Howard University Hospital Employee Sentenced for Selling Patients’ Information

Howard University Hospital Employee Sentenced for Selling Patients’ Information

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Howard University Hospital Employee Sentenced for Selling Patients’ Information

On September 21, 2012, the US Attorney’s Office in the District of Columbia announced that Laurie Napper was sentenced for selling personal information about patients and even selling blank prescription forms.  Napper was sentenced to six months in a halfway house and required to perform 100 hours of community service for the federal charge. 

Napper was sentenced by the Honorable Colleen Kollar-Kotelly in the U.S. District Court for the District of Columbia.  She was charged with violating the Health Insurance Portability and Accountability Act (HIPAA).  She was placed on 3 years probation, and she will spend the first 6 months in the halfway house.  The next 6 months will be spent in home confinement.  Napper also received a fine of $2,100.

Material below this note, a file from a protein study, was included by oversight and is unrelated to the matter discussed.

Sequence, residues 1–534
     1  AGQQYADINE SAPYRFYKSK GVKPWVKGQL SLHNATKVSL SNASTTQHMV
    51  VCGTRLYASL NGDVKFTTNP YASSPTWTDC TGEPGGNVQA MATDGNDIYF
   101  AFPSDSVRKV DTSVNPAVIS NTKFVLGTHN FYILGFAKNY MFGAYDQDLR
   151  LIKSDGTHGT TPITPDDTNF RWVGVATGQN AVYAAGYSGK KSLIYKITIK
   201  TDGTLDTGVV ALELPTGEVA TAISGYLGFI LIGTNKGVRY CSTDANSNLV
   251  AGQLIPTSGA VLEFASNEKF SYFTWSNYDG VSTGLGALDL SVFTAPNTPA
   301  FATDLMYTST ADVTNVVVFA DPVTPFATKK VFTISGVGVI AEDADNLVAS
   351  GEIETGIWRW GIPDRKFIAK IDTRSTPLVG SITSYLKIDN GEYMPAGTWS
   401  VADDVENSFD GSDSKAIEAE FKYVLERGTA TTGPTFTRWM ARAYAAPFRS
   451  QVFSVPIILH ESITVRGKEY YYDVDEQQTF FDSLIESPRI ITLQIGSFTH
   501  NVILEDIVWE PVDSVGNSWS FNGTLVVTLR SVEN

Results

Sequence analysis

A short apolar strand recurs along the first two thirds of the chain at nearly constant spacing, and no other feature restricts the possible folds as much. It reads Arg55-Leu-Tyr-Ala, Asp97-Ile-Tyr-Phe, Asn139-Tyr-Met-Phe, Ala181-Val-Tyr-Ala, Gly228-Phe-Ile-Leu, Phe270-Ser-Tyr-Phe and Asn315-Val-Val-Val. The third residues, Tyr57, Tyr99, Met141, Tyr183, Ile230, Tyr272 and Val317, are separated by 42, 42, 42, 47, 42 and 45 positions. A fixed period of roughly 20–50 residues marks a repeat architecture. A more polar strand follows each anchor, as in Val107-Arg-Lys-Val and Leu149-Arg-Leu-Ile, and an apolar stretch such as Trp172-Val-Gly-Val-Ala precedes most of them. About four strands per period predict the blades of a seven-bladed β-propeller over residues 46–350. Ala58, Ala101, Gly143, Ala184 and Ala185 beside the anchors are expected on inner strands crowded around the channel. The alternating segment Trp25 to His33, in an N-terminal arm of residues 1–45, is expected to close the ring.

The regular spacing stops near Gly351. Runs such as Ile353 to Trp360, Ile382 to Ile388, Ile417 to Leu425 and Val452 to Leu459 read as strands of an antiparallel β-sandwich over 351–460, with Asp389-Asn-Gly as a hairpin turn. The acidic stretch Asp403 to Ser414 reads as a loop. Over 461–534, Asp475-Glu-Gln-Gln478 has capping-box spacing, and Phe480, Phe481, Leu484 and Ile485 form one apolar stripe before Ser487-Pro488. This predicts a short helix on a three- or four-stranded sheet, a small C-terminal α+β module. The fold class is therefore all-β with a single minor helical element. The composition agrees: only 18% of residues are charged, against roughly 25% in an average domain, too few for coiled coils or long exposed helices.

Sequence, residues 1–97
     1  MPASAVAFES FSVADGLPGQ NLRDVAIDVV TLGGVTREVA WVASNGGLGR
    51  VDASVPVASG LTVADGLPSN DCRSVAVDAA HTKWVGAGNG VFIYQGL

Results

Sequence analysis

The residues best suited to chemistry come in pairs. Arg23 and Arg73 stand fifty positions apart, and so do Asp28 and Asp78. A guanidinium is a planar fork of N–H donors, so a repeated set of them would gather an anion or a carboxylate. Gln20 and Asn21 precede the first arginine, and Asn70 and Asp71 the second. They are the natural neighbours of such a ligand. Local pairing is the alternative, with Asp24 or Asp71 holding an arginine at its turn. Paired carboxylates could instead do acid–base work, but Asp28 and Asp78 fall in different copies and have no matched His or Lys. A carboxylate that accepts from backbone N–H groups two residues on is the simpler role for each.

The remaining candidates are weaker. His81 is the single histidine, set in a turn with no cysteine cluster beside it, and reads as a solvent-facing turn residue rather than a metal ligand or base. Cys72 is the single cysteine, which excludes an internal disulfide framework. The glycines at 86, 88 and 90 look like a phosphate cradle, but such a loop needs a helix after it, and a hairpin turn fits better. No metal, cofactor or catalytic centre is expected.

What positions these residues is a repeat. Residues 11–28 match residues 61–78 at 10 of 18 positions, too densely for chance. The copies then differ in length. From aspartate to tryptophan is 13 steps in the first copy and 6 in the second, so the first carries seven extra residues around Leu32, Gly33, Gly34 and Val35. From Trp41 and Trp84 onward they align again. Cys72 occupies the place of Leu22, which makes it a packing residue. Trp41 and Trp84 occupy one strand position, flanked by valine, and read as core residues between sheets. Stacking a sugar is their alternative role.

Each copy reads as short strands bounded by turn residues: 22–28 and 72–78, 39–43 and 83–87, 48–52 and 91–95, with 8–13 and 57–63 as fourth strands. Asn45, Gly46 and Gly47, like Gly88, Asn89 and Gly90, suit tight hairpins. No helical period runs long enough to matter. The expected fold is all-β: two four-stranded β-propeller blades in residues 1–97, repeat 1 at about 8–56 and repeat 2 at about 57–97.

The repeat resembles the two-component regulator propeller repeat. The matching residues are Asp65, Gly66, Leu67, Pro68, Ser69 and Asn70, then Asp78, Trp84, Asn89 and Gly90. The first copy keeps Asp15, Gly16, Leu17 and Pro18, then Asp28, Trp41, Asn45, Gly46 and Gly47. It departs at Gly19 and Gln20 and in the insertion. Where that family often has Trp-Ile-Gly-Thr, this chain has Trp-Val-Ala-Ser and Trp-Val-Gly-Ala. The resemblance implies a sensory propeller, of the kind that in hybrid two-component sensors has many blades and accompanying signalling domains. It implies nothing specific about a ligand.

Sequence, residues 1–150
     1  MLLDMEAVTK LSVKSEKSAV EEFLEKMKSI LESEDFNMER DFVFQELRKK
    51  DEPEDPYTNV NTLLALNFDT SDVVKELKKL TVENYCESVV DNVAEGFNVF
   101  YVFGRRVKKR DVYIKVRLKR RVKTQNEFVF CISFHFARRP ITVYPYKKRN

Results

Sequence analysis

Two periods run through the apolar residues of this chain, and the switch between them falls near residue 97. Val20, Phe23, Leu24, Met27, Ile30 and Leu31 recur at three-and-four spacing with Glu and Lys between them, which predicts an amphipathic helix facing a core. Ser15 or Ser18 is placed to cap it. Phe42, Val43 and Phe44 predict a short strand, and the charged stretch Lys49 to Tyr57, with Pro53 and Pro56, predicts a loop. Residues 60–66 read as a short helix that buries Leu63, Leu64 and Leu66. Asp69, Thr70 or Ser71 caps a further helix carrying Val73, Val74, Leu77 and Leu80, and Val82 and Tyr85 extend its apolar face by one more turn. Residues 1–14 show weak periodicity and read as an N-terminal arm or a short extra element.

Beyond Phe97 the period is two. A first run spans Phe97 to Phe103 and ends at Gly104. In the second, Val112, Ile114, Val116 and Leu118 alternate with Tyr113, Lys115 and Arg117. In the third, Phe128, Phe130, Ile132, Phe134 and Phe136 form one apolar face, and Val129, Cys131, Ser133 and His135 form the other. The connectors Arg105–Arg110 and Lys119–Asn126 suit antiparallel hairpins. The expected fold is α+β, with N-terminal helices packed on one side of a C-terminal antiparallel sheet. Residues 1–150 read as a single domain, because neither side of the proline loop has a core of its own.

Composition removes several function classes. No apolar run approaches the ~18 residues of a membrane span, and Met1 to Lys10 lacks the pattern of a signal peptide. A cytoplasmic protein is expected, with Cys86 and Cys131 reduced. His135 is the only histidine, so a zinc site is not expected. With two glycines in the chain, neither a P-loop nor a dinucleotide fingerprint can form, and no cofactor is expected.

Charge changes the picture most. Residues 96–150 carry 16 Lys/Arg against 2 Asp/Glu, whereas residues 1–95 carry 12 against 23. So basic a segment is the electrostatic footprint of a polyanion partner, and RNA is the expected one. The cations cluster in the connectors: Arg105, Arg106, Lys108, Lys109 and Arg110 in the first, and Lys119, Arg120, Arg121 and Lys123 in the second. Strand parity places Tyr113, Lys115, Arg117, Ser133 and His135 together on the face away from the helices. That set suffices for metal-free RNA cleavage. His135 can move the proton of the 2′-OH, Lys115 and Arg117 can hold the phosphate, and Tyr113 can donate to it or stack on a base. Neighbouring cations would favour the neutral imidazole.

According to court documents, Napper worked in the general surgery department of Howard University Hospital as a medical technician.  With such a role, she had access to private health information of the hospital patients. 

The Federal Bureau of Investigation reports that Napper obtained the records of hospital patients on at least three different occasions.  She sold names, addresses, birth dates, and Medicare numbers to an outside party in exchange for monetary awards.  She received between $500 and $800 for every transaction. 

The same person also received blank prescription pads from Napper.  The FBI reports that the person used the blank pads for prescriptions of oxycodone.  The person provided Napper’s telephone number on the prescription pad so pharmacies could call and verify that the prescriptions were legitimate. 

James W. McJunkin, the Assistant Director in Charge at the FBI’s D.C. Field Office, stated, “Cases like this demonstrate that drug distribution is not just on street corners but can take place with an illegally obtained prescription pad and patient information.  Today’s sentence sends a message that selling patient information and forged prescriptions for personal benefit is dangerous and illegal, and we will bring those who commit prescription drug fraud to justice.”

Source: Federal Bureau of Investigation

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